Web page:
Will the iPhone Become the No. 1 Smartphone?

Nokia currently rules the roost when it comes to worldwide smartphone sales. But is Apple in a position to displace it?

That’s the conclusions drawn by Generator Research, which claims in a new research report that Apple has the business ingredients, and most importantly, the product strategy it needs to become the leader in the space.

While currently “embryonic,” Apple’s smartphone efforts could push Nokia out from the top spot in the worldwide smartphone shipments, Generator said. According to the research firm, the Apple iPhone accounted for about five percent of all smartphone devices shipped globally during the third quarter of 2008, compared to 40 percent for Nokia’s smartphones.

But according to the report, released this week, Apple will begin shipping a range of mobile devices, giving it the upper hand by 2013 — while Nokia’s share will have declined to about 20 percent.

“They [Apple] have a proven track record at making things simple and they are uniquely positioned to become the dominant force given their manufacturing, distribution, software, hardware and infrastructure,” said Andrew Sheehy, Generator’s research chief.

The news comes as smartphone adoption continues to spike thanks to users’ increasing reliance on greater mobile connectivity in the workplace and on the home front. Wireless carriers are ramping up product portfolios while handset makers are battling to push out the latest and greatest feature-rich devices.

The report also projects that Apple will drive carriers toward greater support for new and innovative third-party applications running on their networks.

Generator said Apple could provide software developers with greater access to the iPhone via APIs, while convincing wireless carriers to allow even more interactive functions on their networks. One potential application could enable new messaging capabilities between iPhones, Sheehy said.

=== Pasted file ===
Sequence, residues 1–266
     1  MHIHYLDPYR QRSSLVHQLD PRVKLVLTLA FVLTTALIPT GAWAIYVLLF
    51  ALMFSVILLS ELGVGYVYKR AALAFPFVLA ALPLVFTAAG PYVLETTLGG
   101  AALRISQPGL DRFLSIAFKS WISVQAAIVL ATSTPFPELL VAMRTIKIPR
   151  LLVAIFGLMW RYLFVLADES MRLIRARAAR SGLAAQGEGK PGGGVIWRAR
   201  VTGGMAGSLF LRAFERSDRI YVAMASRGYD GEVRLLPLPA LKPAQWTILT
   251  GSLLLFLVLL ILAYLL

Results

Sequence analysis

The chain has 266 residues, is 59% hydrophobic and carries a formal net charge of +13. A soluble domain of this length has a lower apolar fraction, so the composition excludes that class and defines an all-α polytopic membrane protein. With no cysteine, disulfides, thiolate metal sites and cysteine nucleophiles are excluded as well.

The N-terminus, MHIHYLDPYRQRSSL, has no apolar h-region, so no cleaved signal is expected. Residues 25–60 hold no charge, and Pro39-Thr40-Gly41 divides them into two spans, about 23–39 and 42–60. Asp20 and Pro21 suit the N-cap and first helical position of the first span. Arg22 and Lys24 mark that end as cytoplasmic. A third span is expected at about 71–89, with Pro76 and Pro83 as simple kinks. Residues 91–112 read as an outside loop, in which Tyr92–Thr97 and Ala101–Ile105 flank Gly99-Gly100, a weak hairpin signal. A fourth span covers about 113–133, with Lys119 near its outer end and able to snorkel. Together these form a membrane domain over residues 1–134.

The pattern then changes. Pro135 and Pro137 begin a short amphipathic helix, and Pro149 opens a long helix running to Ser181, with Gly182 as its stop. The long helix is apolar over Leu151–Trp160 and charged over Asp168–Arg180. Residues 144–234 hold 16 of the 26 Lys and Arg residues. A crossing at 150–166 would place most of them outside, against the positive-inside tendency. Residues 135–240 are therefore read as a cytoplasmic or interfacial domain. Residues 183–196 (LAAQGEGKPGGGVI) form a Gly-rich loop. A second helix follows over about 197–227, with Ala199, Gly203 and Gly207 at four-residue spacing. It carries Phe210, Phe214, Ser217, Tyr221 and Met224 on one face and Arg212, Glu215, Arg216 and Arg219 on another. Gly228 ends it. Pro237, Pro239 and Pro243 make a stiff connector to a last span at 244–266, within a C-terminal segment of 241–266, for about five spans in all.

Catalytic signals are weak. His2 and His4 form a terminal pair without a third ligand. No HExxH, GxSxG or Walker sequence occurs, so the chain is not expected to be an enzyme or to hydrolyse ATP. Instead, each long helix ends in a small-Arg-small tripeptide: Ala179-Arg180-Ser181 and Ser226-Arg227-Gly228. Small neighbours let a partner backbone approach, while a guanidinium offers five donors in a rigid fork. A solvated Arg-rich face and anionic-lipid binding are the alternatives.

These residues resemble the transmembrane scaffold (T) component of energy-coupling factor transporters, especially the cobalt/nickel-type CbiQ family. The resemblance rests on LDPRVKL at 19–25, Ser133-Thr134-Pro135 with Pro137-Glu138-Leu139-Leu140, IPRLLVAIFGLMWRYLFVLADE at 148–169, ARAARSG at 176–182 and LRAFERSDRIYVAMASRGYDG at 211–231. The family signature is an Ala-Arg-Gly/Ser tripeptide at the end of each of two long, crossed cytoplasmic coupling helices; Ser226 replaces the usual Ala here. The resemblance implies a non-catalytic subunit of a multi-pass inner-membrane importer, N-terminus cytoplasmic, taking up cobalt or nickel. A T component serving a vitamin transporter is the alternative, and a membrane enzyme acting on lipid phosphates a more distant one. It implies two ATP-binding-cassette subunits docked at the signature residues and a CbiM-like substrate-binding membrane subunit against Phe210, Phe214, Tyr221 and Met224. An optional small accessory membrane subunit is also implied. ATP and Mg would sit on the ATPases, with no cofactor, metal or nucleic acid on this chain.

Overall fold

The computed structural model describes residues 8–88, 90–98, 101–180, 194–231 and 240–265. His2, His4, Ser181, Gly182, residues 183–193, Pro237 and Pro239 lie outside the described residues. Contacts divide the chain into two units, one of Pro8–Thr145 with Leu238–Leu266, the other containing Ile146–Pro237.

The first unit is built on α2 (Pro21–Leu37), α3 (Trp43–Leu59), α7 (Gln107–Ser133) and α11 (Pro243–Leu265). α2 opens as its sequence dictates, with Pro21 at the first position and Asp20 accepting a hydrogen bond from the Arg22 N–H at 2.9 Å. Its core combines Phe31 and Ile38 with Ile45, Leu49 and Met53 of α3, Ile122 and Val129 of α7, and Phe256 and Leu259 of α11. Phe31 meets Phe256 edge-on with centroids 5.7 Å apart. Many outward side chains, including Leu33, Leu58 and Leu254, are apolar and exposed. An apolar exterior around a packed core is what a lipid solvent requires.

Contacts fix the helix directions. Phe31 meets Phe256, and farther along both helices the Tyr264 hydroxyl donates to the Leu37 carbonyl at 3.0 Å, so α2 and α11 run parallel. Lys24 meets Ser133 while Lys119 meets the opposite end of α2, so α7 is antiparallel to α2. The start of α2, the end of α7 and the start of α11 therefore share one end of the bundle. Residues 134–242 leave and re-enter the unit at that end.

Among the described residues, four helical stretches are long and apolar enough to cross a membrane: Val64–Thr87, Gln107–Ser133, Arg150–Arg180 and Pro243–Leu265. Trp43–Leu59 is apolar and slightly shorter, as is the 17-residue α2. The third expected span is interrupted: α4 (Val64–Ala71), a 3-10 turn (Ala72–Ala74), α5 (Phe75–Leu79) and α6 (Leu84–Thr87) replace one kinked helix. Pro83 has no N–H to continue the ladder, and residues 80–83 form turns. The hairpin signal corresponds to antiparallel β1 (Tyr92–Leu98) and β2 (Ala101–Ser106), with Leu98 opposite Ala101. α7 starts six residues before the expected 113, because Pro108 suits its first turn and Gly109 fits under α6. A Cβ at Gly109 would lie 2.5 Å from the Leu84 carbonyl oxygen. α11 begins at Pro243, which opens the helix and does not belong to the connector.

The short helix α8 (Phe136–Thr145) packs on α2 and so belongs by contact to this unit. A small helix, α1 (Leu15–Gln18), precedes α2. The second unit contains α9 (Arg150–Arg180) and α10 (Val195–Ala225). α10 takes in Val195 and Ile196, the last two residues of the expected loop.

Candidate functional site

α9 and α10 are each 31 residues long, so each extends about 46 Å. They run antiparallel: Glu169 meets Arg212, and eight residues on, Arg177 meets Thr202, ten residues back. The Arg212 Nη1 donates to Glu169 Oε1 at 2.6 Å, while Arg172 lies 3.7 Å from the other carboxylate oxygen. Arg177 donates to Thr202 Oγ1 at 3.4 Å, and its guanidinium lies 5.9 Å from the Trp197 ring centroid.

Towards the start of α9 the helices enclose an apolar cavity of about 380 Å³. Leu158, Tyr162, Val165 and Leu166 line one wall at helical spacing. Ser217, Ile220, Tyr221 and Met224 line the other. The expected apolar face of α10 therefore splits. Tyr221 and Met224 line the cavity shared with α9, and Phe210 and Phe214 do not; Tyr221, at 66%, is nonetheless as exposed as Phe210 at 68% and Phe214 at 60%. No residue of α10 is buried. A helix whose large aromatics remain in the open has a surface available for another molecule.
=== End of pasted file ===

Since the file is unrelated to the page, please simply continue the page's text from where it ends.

“I envision services where iPhone users will be able to text, over the network, during a game to ask them to join the game without having to leave the game or interrupt play,” he said.

The result of such offerings, Sheehy said, will be services for which users would pay big bucks, and a competitive aspect few other smartphone players can offer.

But it won’t be easy to convince carriers to relinquish more control when it comes to what runs on their networks. Carriers remain protective of their networks due to security and proprietary network technologies. And while the U.S.’s largest carrier, Verizon Wireless, has agreed to open the 700MHz spectrum it acquired during last year’s FCC spectrum auction, few in the business have shown a willingness for openness across their core mobile phone networks.

Sheehy, though, believes that will change once carriers realize the revenue benefit. “They’ll be rewarded with greater service revenues and won’t have to do the work they’re doing now to provide competitive services,” he explained.

A major player such as Apple, he added, is the compelling partner to make it happen. “The iPhone proposition can make that happen,” he said, citing the financial gains AT&T receives as the iPhone’s exclusive U.S. carrier.

AT&T reported third-quarter revenues of $31.3 billion, an increase of 4 percent versus the third quarter of 2007. The growth reflected a 15.4 percent increase in wireless revenue, which totaled $12.6 billion for third quarter.

During the quarter, the carrier also posted its largest-ever subscriber gain — 1.7 million new customers, up nearly 40 percent from the third quarter of 2007. It said much of the increased customer base is due to 2.4 million iPhone 3G account activations during the quarter, 40 percent of which were new subscribers.

But Nokia, just like any other smartphone player, obviously won’t sit idle waiting for Apple to dominate. The worldwide leader in mobile phone sales made a number of big strides in smartphones during the past twelve months. It recently launched its N97, which industry analysts said could be a very compelling iPhone competitor if and when it arrives on U.S. shores.

The N97 not only offers features both iPhone 3G fans and BlackBerry consumer users enjoy — a touchscreen display, full QWERTY keyboard and hefty video and music support — but it expands on those capabilities with an “always on” browser and advanced social networking and messaging services.

The 3G device, which will retail for approximately $700 U.S., is only slated to be available in Europe in mid-2009. Nokia has not revealed plans for a stateside launch.

Adapted from Internetnews.com.

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